“Hero” Judge Holds Hospital in Contempt: Give Ivermectin to a Dying Woman, or Pay a $10,000-a-Day Fine

A sixty-three-year-old woman teeters between life and death in a Virginia hospital that has been forced, after a brutal court fight, to give her a safe, FDA-approved drug that her doctor had prescribed: ivermectin.

Whether it’s too late is the question. Kathleen Davies’ first dose was given in Fauquier Hospital in Warrenton, Virginia, about fifty miles west of Washington, D.C., on the evening of Monday, December 13. That was sixty-five days after admission; forty-one days after going on a ventilator; six days after a judge’s order to administer it, and fifteen minutes before $10,000-a-day fines would have kicked in for defying it.

The logjam broke Monday when Circuit Court Judge James P. Fisher laid down the law after a testy hearing. In a decision written as attorneys waited online, Fisher ruled the hospital was “in contempt for needlessly interposing requirements that stand in the way” of  ivermectin and for violating statutes under federal and state of Virginia right-to-try laws.

The hospital’s “failure to accommodate this critical patient’s health care wishes”—as the judge had ordered on December 7—is “is particularly egregious,” he wrote.

A day after the nail-biting experience, Davies’ attorney, Ralph Lorigo, said, “This judge is the hero. He had the guts. He had the stamina. He had the willingness to enforce what he said.”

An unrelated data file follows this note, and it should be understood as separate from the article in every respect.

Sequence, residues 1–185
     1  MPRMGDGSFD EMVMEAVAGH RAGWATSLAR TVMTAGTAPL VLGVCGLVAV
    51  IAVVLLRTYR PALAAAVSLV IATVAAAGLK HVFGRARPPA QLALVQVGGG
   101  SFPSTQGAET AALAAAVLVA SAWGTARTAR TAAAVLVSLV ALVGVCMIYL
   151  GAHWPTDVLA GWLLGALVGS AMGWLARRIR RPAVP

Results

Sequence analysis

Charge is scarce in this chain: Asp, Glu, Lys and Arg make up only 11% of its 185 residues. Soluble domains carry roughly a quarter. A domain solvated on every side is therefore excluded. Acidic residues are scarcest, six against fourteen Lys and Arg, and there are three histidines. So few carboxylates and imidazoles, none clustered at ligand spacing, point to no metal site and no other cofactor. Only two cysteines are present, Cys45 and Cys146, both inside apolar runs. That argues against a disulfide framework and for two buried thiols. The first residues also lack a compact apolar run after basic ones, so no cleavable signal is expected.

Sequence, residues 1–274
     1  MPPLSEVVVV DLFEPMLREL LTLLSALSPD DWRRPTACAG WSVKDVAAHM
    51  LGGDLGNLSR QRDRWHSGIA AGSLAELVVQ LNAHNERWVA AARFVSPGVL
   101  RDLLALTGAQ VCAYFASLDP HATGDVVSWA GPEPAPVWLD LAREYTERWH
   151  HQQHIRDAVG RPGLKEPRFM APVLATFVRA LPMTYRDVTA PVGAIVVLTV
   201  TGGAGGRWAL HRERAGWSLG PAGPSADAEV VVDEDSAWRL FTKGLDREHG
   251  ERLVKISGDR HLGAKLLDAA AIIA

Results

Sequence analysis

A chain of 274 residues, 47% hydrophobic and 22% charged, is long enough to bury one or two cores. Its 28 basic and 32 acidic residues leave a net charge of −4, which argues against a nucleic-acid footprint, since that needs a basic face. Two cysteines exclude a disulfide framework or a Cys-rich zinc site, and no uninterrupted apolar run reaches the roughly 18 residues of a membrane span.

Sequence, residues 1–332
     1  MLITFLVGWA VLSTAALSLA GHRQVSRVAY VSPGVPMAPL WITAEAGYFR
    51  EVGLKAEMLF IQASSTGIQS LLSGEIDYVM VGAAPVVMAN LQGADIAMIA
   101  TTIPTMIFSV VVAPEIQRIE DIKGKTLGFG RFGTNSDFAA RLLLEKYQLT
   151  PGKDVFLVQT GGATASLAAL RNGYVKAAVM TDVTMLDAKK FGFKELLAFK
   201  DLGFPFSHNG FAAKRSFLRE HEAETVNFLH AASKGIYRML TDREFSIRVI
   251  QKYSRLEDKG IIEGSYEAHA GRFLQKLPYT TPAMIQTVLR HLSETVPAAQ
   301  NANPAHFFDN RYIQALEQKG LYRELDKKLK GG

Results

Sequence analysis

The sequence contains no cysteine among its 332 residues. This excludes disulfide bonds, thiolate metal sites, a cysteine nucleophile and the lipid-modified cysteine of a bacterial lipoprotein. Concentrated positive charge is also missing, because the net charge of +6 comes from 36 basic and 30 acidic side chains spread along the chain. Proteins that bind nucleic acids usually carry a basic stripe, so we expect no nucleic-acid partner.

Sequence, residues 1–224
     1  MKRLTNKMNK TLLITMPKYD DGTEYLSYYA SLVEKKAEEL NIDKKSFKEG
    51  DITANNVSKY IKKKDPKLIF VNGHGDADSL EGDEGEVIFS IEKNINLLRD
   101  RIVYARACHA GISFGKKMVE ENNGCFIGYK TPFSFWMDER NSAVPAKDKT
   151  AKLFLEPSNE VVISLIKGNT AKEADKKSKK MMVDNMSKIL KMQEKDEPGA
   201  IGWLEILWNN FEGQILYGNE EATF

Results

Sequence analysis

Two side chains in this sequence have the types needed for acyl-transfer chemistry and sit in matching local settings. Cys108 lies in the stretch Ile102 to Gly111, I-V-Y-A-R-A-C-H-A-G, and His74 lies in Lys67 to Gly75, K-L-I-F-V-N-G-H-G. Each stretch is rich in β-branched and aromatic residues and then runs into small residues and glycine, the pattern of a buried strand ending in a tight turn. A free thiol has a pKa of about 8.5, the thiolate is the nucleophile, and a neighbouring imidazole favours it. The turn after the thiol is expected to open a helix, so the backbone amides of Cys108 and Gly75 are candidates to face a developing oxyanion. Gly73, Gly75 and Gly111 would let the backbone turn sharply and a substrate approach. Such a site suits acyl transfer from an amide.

Lorigo, a Buffalo, New York, lawyer for four decades, has pioneered an entirely new legal practice dedicated to securing ivermectin for patients for whom other covid treatments have failed. Last month, a seventy-one-year-old man, given a 10 to 15 percent chance of survival, received five days of court-ordered ivermectin. He pulled out his endotracheal tube within five days and left the hospital two weeks later.

While many—not all—of Lorigo’s clients have rallied, Mrs. Davies’ future is uncertain. She’ll be receiving 24 mg per day for ten days of ivermectin, which has saved many people who were near death on ventilators. But Davies is facing a tough challenge. “This woman is today forty-two days on a vent,” he said. “She needs everyone’s prayers.”….


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